Hallucinations, Delusions and Violence

Hi there.

This is a very long post but I would be most grateful for any advice.

I’m Sam and I’m 38. My dad was a very young 70 year old and has had PD for approximately 14 years and up until now, he’s managed it really quite well considering. We live together, he, my brother and I and my 10 month old son. I have been his carer for years but I left work 4 1/2 years ago to care for him full time.

In January, Dad slipped and broke his hip. He had an emergency hip replacement the following morning and hasn’t quite been the same since.

Hallucinations started as soon as he woke up after surgery and we just thought it was the anaesthetic and trauma etc, but as the days went on, the hallucinations and delusions just got worse and worse and he became very aggressive towards everyone, the hospital staff couldn’t wait to get rid of him. It was so unlike my Dad because he’s usually such a gentleman.

24hrs after being home, he snapped out of it, but in less than a week, it all started again, not knowing we were in our house, where we’ve lived for 35 years, he kept trying to get out. He was seeing people all over the house, men, women, children, constantly thinking I’m lying to him, seeing my dead mother and talking to me as he was thinking I was my mother, wrecking his bedroom to get the spiders out, up all night shouting the house down, all this with a little baby was really hard, and then just like that, he’d wake up 1 morning and he’d be ok again! This has repeated over and over from January right up until 2 weeks ago, he’d been hallucinating for 8 days and nights and he became absolutely petrified in his own house and no amount of help and reassurance from me did anything for him, so that’s when I asked him did he want to go to hospital and he agreed.

When he broke his hip, he also banged his head but the hospital I took him to then did not scan his head because he didn’t lose consciousness. The hospital I took him to this time said they should have scanned him, so for that reason only, they kept him in to do a scan.

He was only meant to have 1 nights stay so he could have the scan and then come home but while in hospital, my dad’s mental state deteriorated rapidly, the delusions and hallucinations were worse than ever! The doctors did not want to let him go home and he got kept in and he has become really really violent! They put a DOLS on him and he became even worse. He is attacking the staff on a daily and nightly basis and he’s really hurt some of them too. He was trying to stab them all the other evening and when security came (again) he threw the knife at another patient facing him on the ward. He is absolutely out of control!!! He even hit me too on Wednesday 5 times and went to again today. My dad would never harm a hair on my head and he’d kill anyone who tried to. The way he’s treating the hospital staff is just outright disgusting and he’s going to be so ashamed of himself when he’s better, if he gets better??? The only way to calm him down is by sedation and sometimes he’s so sedated, he looks like he’s dying. He’s now refusing to eat and drink, he’s lost so much weight over the past 2 weeks, it’s awful.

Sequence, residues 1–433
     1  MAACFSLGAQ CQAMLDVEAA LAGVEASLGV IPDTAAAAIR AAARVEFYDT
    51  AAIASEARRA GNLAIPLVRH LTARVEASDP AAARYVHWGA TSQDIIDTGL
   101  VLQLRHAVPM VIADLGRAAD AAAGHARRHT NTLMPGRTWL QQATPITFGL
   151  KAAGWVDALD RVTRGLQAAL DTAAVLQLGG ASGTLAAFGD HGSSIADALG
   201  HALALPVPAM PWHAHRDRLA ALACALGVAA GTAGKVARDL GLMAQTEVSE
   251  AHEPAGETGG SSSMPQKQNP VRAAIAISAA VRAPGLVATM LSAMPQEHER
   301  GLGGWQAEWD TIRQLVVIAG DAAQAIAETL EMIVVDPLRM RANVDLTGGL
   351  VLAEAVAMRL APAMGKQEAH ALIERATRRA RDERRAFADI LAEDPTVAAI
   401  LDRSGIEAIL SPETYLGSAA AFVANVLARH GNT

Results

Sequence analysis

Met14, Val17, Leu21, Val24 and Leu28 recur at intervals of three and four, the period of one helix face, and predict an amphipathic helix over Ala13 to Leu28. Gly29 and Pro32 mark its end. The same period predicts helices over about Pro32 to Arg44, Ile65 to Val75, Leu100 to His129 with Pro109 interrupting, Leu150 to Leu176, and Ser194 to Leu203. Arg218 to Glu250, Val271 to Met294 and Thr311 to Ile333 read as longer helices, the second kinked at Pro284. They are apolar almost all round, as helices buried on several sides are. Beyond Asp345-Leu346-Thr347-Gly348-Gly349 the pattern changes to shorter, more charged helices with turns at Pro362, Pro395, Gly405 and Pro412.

I discussed with doctors that even though the staff on the ward are amazing, it was just a general medical ward, and the staff aren’t trained to care for a person presenting these type of mental health issues and that he needed to be moved asap. The doctor agreed 100%.

Well today, he has been sectioned under section 2. We are just now waiting for a bed in a local mental health hospital, so for the moment he is still on the GMW under 24 hour surveillance by 2 or 3 nursing staff. He is a massive danger to everyone and to himself too. It’s just so sad, where has my amazing lovely dad gone?

Just 3 weeks ago we were on holiday and he was absolutely fine.

I’m just wondering whether anyone could help me please? Does anyone have any knowledge or understand any of this of what I’ve just explained?

Does anyone have advice on hallucinations and delusions and can people get better from it or has my dad gone forever now? Have I lost him? I’m at a total loss. I’m petrified and so upset, I just don’t know what else to do?

Thank you very much for reading.

Sam x

Hi Sam,
First of all, so sorry you have to go through this. It is very upsetting for you and your family.
I’m no expert but something similar happened to my dad 8 years ago. He was paranoid, scared and suicidal, having been a strong, capable man all his life. He voluntarily went to a secure unit. It turns out that it was an untreated urinary infection which went to the brain. He was put on anti psychotic drugs and slowly came out of it. He is still on the drugs and tends to get infections every so often. Its something we keep an eye on. He is not exactly the same man but he is happy and engaged in his family and life. Im not sure this helps but I do believe urinary infections are dangerous and sometimes overlooked.

Hi Sam
So sorry to hear of the difficulties with your Dad. I have no such experience and can only imagine how distressing it must be. I hope somethng gets sorted out for you soon.
Best wishes


Hi Sam,